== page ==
car-i-ca-ture

car·i·ca·ture [ kárrəkə choor ]; comic exaggeration: a drawing, description, or performance that exaggerates somebody’s or something’s characteristics for humorous or satirical effect

Have you ever had a caricature done of yourself? I did, years ago, at some carvival type thing. It was funny! Fortunately, the painting has been forever lost.

When a caricature is done right you recognize the person even though certain “flaws” have been exagerrated. Below are some caricatures of famous people. Do you recognize them?

Obama

einsteinri3StalloneI think most people appreciate the humor and satire in caricatures. What would be sad is if someone did not know they were really being made fun of, or did not recognize the reality behind the caricature.

I think our society has drawn a caricature of Christianity. I see the humor behind the satire and the element of truth in the exaggerations. Very rarely am I offended. Usually I laugh, although sometimes it is an uncomfortable laugh. Sadly, I think most Christians don’t even recognize the reality behind the caricatures being drawn of them, and Christians are some of the most easily offended people I know.

My first realization of these caricatures occured not long after graduating from college. I attended a small, ultra-conservative Bible college in a mid-sized southern city. As students we were told over and over again about the stellar reputation the school and students had in the neighborhood and city. We were told how people in the community loved hiring students from the school for yard work, baby-sitting, house sitting, etc…Overall, those were accurate statements. People did like hiring us. But I soon learned that while people respected us, they didn’t really want to be like us. We saw ourselves one way but they saw us as caricatures of fundamentalism.

john carryAfter graduating I pastored a church in the same city as the college. During those days I regularly played basketball early in the mornings at a local YMCA. One morning, as I was in the locker-room getting dressed, I over heard a conversation by two men. They did not know I was listening. The name of my college came up because both had hired students to do odd jobs. Both talked about how nice and trustworthy the students from the school were, but they also talked about how “weird” the students were and how they would never want to be like them, or even send their children to the school. In essence, they thought the school was some sort of cult. Both men mentioned how they were Christians, and even the churches they attended. But to them they saw my branch of “Christianity” as a caricature of the real thing.

I understand this was just the opinion of two-men in a locker-room. I realize it is unfair to apply their opinions to everyone. But what they said, and how they said it, did make me do some soul searching. What I thought was a positive representation of Christianity, in reality, was a turn-off to the gospel.

Since then I have noticed how the media portrays conservative Christianity. I don’t think they ridicule it as much as make fun of it. I recently watched a show that made fun of evangelicals and mega-churches. The people were painted as hypocrites and the church and pastor were depicted as only in it for the money. The name of the church was “Absolute Truth Ministries” or “ATM” for short. I thought the name was clever.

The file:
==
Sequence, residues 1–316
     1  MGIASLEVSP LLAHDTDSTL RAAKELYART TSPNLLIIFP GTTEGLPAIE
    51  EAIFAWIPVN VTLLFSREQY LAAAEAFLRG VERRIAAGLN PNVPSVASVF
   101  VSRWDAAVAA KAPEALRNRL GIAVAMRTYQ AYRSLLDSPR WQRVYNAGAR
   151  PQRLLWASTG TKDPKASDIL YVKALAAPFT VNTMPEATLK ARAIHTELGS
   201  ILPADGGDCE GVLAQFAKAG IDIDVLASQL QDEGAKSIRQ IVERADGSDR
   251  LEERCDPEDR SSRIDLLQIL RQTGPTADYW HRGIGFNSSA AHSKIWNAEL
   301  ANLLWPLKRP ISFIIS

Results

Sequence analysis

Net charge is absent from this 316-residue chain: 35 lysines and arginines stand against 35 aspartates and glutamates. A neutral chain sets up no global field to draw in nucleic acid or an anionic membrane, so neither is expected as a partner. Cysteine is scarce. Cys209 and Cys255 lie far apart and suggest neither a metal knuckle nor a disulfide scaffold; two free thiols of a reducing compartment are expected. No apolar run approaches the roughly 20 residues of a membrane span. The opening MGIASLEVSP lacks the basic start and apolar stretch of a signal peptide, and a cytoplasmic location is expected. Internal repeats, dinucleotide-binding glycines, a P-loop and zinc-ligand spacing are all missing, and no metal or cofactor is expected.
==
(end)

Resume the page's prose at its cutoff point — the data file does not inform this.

We, in the evangelical church, have an image problem, and I don’t think we even realize it.

Those who do realize our image problem often go to the opposite extreme. And so we have pastors all around the country who are trying to look hip and cool and in touch by wearing name brand jeans and bracelets and necklaces and frosting their hair and having cosmetic surgery. I don’t think most realize how stupid this makes them look to outsiders; and so outsiders continue to “caricaturize” us. In an attempt to not look like a preacher we have created a new image of what a preacher should look like, and society laughs. In an effort to avoid orthodoxy and religion we have created a new orthodoxy and religion. In our attempt to be genuine we have become more fake then ever before, and we don’t even realize it.

angelaWhat people far from God are looking for is authenticity. However, authenticity cannot be manufactured. A person either has it or they don’t, and those who have it don’t know they have it because their goal has not been to be authentic. Those who want it and strive for it can’t get it because the harder you try to be authentic the more inauthentic you become. It’s tricky. I don’t know if I have it. I hope I have it, which probably means I don’t have it. It’s complicated.

There does seem to be one rule of thumb about authenticity and that is an authentic life attracts people to you instead of repels people from you. In other words, if you are genuinely living out your faith people will notice your character, not your caricature.

“But in your hearts set apart Christ as Lord. Always be prepared to give an answer to everyone who asks you to give the reason for the hope that you have. But do this with gentleness and respect” (1 Peter 3:15)

When was the last time someone asked you “to give the reason for the hope that you have.” If you have never been asked, can you really claim authenticity?

Just a thought.

 

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3 thoughts on “car-i-ca-ture

  1. “What people far from God are looking for is authenticity. However, authenticity cannot be manufactured. A person either has it or they don’t…”

    I think everyone has authenticity. The bigger problem (which is really what you seem to be addressing) is that many do not live lives of authenticity. I pray God lets me minister as myself, a redeemed version of myself.

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